Umberto Eco also changed my life…

I came across Annalisa Mirelli’s post “How Umberto Eco changed my life”, as the world mourns the loss of one of the greatest novelist of our time. Unlike Mirelli, I  have never met the man, was never interested in semiotics even though I studied linguistics in college. However, each time I saw his name, either on the cover of a book or on an article, my face will light up.

I was a young girl growing up with a sister and a brother who were ten years younger than me. My dad was travelling a lot, and it was just my mom and my siblings. My summers were spent at the library or at the book store, and because my mother needed my help, there were no camps to attend for me. Also due to the age difference with my siblings, I felt mostly alone, with no one to spend time with.

I first read Umberto Eco’s “The Name of the Rose” the summer before I turned fifteen. I read it because it had been hanging on the shelves in our home and also because I was attracted to the name: Umberto Eco! What a lovely name! It was summer, the library was closed for some reasons, my father was travelling, which meant there was no one to take me to the book store, and more importantly, I had nothing else left to read. I remember how long the book was, how long it took me to read it, but it was that or get bored to death, so I stuck with it until the very last page. The way I saw it, it was a detective novel that I was having a hard time comprehending. To me, Brother William of Baskerville was non other than a medieval Sherlock Holmes, which I will find years later was not very far from the truth. It wasn’t like any other book I had read so far. I never took so much time to go through a book, even more, try to understand it. Also I never spent so much time going from a book to the dictionary, until I gave up and just went along with the story. I took it everywhere with me, a way to ease my loneliness as I was waiting for my friends to come back from their vacation and the school to resume. As hard as it was for me to picture the austerity of an abbey in a country that was synonymous of sun, the quote “books always speak of other books” struck a cord with me. As William explained to Adso how you can understand one book by reading other books, so my quest for reading expanded; I wanted to be able to understand all the books that I was going to be reading for the years to come. And so I read! I knew that reading make you smarter, that it was a great way to acquire more vocabulary but I never wanted to have to spend so much time again reading something I could hardly understand. And, as my father would later explained to me, reading books was not only a way of understating other books, it was also a way of understanding the world we live in.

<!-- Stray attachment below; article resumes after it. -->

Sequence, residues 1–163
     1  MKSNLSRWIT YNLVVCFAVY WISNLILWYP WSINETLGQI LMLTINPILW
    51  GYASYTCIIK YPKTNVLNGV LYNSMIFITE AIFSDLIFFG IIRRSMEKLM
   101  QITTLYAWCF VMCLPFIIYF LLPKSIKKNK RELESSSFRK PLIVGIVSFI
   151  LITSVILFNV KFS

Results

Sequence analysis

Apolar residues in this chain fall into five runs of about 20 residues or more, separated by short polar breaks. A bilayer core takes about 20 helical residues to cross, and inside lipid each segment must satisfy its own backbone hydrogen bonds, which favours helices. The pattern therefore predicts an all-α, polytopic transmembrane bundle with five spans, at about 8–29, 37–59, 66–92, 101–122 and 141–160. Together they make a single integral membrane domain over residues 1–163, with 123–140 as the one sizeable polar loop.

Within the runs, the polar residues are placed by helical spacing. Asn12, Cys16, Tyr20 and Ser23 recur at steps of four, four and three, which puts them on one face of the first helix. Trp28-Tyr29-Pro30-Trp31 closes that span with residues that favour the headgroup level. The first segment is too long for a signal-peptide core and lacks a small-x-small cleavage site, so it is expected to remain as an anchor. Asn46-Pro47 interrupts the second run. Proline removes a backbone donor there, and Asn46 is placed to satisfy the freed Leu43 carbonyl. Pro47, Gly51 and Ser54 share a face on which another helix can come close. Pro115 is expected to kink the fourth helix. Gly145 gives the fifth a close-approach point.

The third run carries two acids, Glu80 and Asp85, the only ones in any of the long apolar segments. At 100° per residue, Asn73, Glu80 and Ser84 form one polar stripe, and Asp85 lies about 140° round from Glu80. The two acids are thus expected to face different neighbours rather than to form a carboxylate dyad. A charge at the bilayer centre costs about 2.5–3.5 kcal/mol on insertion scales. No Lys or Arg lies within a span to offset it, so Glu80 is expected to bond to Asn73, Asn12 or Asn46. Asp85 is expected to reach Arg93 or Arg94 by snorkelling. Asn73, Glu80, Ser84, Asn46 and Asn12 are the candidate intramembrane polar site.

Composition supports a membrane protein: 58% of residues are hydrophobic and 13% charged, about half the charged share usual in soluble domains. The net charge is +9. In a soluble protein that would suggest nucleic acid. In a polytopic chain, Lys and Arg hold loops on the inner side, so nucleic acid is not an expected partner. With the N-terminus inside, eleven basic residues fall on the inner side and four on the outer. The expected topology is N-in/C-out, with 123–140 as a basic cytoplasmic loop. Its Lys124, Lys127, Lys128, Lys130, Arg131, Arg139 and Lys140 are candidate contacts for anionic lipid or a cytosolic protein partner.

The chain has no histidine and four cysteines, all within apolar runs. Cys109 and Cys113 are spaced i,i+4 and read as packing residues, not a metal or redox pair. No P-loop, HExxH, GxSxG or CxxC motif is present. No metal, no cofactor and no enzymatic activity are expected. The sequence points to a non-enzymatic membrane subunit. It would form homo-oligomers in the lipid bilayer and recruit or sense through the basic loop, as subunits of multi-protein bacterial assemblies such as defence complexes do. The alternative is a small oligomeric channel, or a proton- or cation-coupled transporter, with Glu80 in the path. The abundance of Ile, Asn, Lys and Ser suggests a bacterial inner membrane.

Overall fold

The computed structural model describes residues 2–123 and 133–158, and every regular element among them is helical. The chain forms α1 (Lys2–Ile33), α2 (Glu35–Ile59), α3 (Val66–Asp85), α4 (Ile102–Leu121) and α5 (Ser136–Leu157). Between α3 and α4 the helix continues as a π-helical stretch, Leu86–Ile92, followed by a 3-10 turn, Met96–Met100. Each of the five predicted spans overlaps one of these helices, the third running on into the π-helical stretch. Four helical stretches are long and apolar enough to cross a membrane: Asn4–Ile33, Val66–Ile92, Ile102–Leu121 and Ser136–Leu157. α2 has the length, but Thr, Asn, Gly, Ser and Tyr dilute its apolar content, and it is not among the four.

When I read the book again, some decade later, I couldn’t help but laugh at the idea that I had no idea of how intense it was and how much I missed because I was just too young to understand. I was surprised by the sex allusions because I couldn’t recall any  sex scenes; the innocence of a young mind I guess. But I vividly remember that after reading the book, my approach to reading changed completely. I started reading anything I found relevant, either a great author or a simple article in a magazine. I read about everything and anything and developed a sense of understanding and empathy that I couldn’t have developed otherwise. Umberto Eco didn’t change my life because he was the extraordinary author I didn’t realize he was at the time, he changed my life because that summer he taught me about intellectual curiosity!

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